H-1B Employment Restricted for TARP Recipients
The 2009 Stimulus Act and H-1B Restrictions
On February 17, 2009, President Obama signed into law the Stimulus Bill, also known as the American Recovery and Reinvestment Act (ARRA, or the Stimulus Act), which included a sub-section called the Employ American Workers Act (EAWA), and § 1611 deems certain banks and financial institutions to be “H-1B dependent” under Department of Labor regulations, thus subjecting them to strict provisions regarding the hiring of H-1B workers and displacement of American workers (generally, US citizens and legal permanent residents) for a two year period from the date of enactment, February 17, 2009, to February 16, 2011.
Companies Subject to New H-1B Restrictions under Stimulus
Banks and financial institutions subject to these new provisions under the Stimulus Act include recipients of TARP funds (Title I of the Emergency Economic Stabilization Act of 2008, Public Law 110-343) or funds through the Federal Reserve Discount Window (in accordance with §13 of the Federal Reserve Act, 12 U.S.C. § 342 et seq., which provides for short-term, secured loans to financial institutions and other companies). Firms that receive funds under the Stimulus Act itself, such as companies contracting for infrastructure projects or other programs, are not subject to the H-1B hiring restrictions under the Stimulus Act.
The US Treasury publicly discloses TARP recipients. However, recipients of funding through the Federal Reserve’s Discount Window program are not publicly disclosed (see Question #9 of FAQ on Federal Reserve Discount Window lending program). Any state or federally regulated financial institution is generally eligible for Discount Window funds, along with some other companies other than banks and financial institutions.
Additional Requirements and Attestations for H-1B Employment
Under the Department of Labor (DOL) regulations, “H-1B dependent” companies (and willful violators of the H-1B program) must sign additional attestations on the Labor Condition Application (LCA), which must be filed with each H-1B petition. These additional attestations are:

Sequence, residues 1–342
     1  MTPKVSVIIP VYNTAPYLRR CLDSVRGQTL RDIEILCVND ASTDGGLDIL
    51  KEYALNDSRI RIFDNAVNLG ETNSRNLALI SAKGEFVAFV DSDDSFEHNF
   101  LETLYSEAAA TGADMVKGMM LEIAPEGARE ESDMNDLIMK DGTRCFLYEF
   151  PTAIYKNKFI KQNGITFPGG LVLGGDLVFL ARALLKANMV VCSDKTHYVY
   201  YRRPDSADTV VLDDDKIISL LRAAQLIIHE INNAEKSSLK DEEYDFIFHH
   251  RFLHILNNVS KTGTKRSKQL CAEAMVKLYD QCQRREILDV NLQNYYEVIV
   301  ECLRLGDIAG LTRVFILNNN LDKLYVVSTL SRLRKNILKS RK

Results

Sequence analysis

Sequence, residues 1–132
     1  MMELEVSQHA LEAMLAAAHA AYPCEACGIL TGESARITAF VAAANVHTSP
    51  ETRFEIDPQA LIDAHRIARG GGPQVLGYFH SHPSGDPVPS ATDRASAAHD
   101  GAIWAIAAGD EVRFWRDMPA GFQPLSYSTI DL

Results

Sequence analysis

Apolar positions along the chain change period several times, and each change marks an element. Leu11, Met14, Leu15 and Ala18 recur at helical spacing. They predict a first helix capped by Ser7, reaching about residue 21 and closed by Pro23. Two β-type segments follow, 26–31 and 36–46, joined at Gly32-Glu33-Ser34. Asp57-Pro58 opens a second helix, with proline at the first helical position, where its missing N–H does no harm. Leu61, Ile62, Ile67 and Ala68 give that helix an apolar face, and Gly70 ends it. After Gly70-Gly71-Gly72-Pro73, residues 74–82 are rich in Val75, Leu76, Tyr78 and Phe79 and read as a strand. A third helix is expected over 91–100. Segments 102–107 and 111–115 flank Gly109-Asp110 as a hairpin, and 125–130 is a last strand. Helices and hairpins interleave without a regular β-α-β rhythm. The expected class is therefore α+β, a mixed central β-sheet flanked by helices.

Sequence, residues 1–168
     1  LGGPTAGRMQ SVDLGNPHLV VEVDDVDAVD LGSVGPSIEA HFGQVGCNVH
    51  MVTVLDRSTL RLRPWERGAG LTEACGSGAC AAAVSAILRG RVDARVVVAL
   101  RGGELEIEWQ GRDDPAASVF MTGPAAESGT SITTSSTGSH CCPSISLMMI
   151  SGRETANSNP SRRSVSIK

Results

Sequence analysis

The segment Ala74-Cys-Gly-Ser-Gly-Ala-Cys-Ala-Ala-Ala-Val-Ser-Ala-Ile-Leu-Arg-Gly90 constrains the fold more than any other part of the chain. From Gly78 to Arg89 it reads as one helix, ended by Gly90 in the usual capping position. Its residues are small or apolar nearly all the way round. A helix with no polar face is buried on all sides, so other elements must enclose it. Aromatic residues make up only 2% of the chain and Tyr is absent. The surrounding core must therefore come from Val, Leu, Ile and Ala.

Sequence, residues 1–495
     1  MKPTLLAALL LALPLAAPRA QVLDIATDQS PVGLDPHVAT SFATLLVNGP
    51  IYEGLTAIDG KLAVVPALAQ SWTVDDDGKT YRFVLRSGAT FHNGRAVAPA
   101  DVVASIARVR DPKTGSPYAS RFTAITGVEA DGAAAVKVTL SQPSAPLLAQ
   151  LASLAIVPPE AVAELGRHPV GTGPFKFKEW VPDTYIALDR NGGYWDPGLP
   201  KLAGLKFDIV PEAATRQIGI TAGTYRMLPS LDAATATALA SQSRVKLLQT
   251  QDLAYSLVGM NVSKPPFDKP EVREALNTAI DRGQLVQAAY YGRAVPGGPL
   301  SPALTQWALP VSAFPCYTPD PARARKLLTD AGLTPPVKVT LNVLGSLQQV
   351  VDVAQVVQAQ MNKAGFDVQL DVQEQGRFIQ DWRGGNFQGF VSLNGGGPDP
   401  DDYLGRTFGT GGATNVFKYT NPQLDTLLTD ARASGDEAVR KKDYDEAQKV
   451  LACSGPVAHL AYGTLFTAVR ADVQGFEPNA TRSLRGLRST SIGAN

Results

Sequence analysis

- Prior to filing the H-1B petition, the employer has taken bona fide steps to recruit US workers for the position for which an H-1B worker is sought, and has offered a wage that is at least as high as that required under law to be offered to the H-1B worker. In addition, the employer must attest that in connection with this bona fide recruitment effort, they have actually offered the job to any US worker who applies and who is equally or better qualified for the position.
- The employer has not laid off, and will not lay off, any US worker in a job essentially equivalent to the H-1B position in the area of intended employment of the H-1B worker within the period beginning 90 days prior to the filing of the H-1B petition and ending 90 days after its filing.
No Exemptions from Additional H-1B Attestations for TARP Recipients and Federal Reserve Discount Window Recipients
Under the regular H-1B dependency provisions set by the Department of Labor, some H-1B workers are exempt from the additional attestations even if their sponsoring employer is considered H-1B dependent. These include those who have a Masters Degree or higher, or those who receive at least $60,000 annual salary. The Stimulus Act provision removes these exemptions for employers receiving TARP or Federal Reserve Discount Window funding (as described above).
H-1B Extensions and Changes of Status for Existing Employees
Since the Stimulus Act refers to “new hires,” the new H-1B dependency provisions would appear inapplicable to H-1B extensions, or to changes of nonimmigrant status (from F-1 optional practical training, for example, or from TN or L-1B status, etc.) for existing employees of TARP or Federal Reserve Discount Window recipients.
See also information from USCIS, below:
Last Updated In Temporary Visas
- Trump Administration Issues Updated Travel Ban
- Department of State Clarifies Application of Travel Ban to Dual Nationals
- Travel Ban Executive Order of January 27, 2017: Summary